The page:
Figure 6.

Effects of inhibiting Rho family GTPase signals on primordial germ cell (PGC) migration. (a–d) Lateral views of stage 41 embryos injected with Venus-DS mRNA (460 pg) (a), or co-injected with Venus-DS mRNA (460 pg) and mRNA for RhoA-DN (460 pg) (b), Rac1-DN (460 pg) (c) or Cdc42-DN (2.3 ng) (d). Dorsal side up and anterior to the left. (e, f) Isolated PGCs from stage 28 embryos injected with RhoA-DN (460 pg) or Rac1-DN (460 pg) were cultured on fibronectin-coated petridishes. (g, h) Elongated PGCs isolated from stage 28 embyos were incubated with Y27632 (ROCK inhibitor) or NSC27632 (Rac1 inhibitor). Photos were taken 30 min after adding the chemicals. Arrowheads indicate the PGCs in the normal region. Arrows indicate the ectopic PGCs. Scale bars: 1 mm in d; 20 μm in (e–h). (i) Effects of DN-small GTPases on PGC localization in vivo. Venus-DS mRNA (460 pg) was injected into all the embryos for PGC labeling, and additionally indicated mRNAs were injected. PGC localization was observed externally from both sides at stage 41. Graph shows the percentages of embryos with indicated PGCs. Values are includes results of three experiments. (j, k) Effects of DN-small GTPases on elongation (j) and locomotion (k) of isolated PGCs. Time-lapse images of the stage 28 PGCs were captured at 1 min intervals for 30 min after 1 h of cultivation. If a PGC showed an elongated shape during the culture period, it was counted as an elongated PGC. If a PGC moved more than 100 μm for 30 min, it was counted as a locomoting PGC. Values are results of three experiments. C; control injected with only Venus-DS mRNA. *P < 0.05, **P < 0.001.

To gain further insight into their roles in the migrating Xenopus PGCs, we isolated PGCs from stage 28 embryos that had been injected with Rac1-DN, RhoA-DN or Cdc42-DN and cultured them to analyze their morphology and locomotive properties. The PGCs from RhoA-DN-injected embryos in which PGC locomotion was completely blocked, showed a round morphology without any protrusions (Fig. 6e,j). They were morphologically very similar to PGCs treated with cytocharasin D or blebbistatin. The percentage of locomoting PGCs was reduced by Rac1-DN in a dose-dependent manner, although that of elongated PGCs was not affected (Fig. 6f,j,k). It appeared that a certain number of elongated PGCs could not detach from the substrate and could not change their position. On the other hand, Cdc42-DN did not affect PGC morphology or locomotion (Fig. 6j,k). No dominant negative form had any influence on the number or size of PGCs (data not shown), suggesting that the proliferation, cell death or differentiation of PGCs was not affected significantly. To obtain additional evidence on the roles of the RhoA signal and Rac1, we performed a pharmacological analysis. Treatment with Y27632, a ROCK inhibitor, abolished the locomotion of PGCs, corresponding to the effect of RhoA-DN (Fig. 6g). On the other hand, NSC23766, a Rac1 inhibitor, did not affect the morphology or locomotive properties of the PGCs (Fig. 6h). From these results, we concluded that ROCK/RhoA signaling regulates the locomotion of the Xenopus PGCs.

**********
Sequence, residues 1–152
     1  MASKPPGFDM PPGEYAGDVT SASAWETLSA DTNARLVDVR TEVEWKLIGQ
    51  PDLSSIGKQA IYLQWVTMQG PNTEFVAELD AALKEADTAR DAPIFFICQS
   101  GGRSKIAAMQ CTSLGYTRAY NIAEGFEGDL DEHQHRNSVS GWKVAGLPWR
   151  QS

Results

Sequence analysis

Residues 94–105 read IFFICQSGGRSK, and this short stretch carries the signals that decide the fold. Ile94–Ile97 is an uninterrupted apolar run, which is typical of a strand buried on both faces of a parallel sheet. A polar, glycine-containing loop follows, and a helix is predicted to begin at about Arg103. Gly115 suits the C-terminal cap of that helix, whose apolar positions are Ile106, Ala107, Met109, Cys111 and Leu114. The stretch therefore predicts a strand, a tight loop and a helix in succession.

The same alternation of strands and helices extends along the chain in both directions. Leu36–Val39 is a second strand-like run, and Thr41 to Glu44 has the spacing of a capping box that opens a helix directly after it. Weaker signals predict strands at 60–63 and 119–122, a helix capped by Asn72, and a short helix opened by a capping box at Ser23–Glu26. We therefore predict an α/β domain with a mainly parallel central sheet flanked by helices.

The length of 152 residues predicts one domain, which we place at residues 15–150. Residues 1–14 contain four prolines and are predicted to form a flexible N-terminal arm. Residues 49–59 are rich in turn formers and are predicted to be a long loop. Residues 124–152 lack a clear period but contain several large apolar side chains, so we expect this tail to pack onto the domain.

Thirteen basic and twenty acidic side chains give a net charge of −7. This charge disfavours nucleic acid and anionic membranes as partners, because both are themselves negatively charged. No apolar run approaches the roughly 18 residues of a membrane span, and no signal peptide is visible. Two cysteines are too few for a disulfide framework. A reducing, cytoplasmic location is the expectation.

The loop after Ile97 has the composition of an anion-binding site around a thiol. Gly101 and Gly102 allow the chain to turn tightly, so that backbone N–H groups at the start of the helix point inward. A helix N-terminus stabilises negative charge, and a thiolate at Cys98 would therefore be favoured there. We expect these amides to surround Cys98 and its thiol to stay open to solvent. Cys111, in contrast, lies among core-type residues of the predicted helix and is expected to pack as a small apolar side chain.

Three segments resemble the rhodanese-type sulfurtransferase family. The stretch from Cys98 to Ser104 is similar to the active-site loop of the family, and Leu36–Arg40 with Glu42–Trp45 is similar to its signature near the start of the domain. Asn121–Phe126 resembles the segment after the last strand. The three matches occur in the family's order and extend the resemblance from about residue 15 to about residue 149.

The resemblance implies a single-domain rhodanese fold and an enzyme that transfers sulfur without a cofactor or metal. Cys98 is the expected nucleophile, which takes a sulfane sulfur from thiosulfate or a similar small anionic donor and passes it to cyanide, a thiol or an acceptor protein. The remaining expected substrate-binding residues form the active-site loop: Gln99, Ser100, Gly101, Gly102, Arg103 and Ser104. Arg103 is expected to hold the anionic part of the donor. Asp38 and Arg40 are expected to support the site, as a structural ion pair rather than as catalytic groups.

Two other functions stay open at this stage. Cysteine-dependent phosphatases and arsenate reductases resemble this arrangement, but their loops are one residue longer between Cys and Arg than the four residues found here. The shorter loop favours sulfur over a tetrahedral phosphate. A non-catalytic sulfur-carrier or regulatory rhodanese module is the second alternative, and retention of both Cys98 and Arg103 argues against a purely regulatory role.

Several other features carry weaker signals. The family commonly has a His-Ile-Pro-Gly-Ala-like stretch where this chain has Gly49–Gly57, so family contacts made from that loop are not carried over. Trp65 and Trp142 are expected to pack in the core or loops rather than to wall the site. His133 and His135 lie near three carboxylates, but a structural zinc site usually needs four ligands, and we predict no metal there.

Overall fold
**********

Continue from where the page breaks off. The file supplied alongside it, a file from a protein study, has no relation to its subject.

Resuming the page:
From histochemical and ultrastructural observations, it has been suggested that PGCs start to migrate at the tailbud stage in Xenopus (Nishiumi et al. 2005; Kamimura et al. 1980). However, it had been unclear whether the PGC itself acquires its motility or whether the environment becomes permissive for the migration at that time. Here we have successfully cultivated living PGCs isolated from Xenopus embryos at various stages of development. We also showed that the morphology and locomotive activity of PGCs drastically changed, depending upon the developmental stage. The characteristics of PGCs in vitro appeared to correspond to the state of the PGCs in vivo as discussed below.

Correlation between properties in vitro and state of PGCs in vivo

Primordial germ cells from stage 18 and 24 embryos are indistinguishable in morphological criteria from somatic endodermal cells at the same stage. The PGCs showed no locomotion on the fibronectin substrate, suggesting that they have little migratory activity at this stage. Our finding is consistent with the previous suggestion that PGCs would migrate passively with surrounding endodermal cells until stage 23/24 (Nishiumi et al. 2005).

Most PGCs from stage 28 or 33/34 embryos alternated between the locomotive phase with the elongated morphology and the pausing phase with the rugged morphology. PGCs at stage 28 showed the elongated morphology for most of the culture period, and rapidly moved on the fibronectin substrate. Brustis et al. (1984) reported that a subpopulation of cells in a culture of endodermal cell mass from stage 29 embryos had an elongated morphology, and suggested them to be PGCs. Our observation supports their suggestion. Our localization study suggests that PGCs in stage 28 embryos are separating from the cluster. The robust locomotive activity of the elongated PGCs in the culture is thought to be a major force leading to the separation in vivo.

Primordial germ cells in the pausing phase exhibited the rugged morphology. Tarbashevich et al. (2011) reported that PGCs from stage 32 embryos were round with a bleb circulating in the periphery although the morphology was clearly different from that of the rugged PGCs. The circular movement of the bleb is also observed by us not only on PGCs but also on certain numbers of somatic cells in the early phase of the cultivation when the cells do not adhere to the substrate yet (data not shown). Therefore the circular movement is not a PGC-specific character at least in our experiments. The difference is attributed to the difference in the culture conditions and/or preparation method in that they used trypsin and ethylenediaminetetraacetic acid (EDTA), whereas we did not.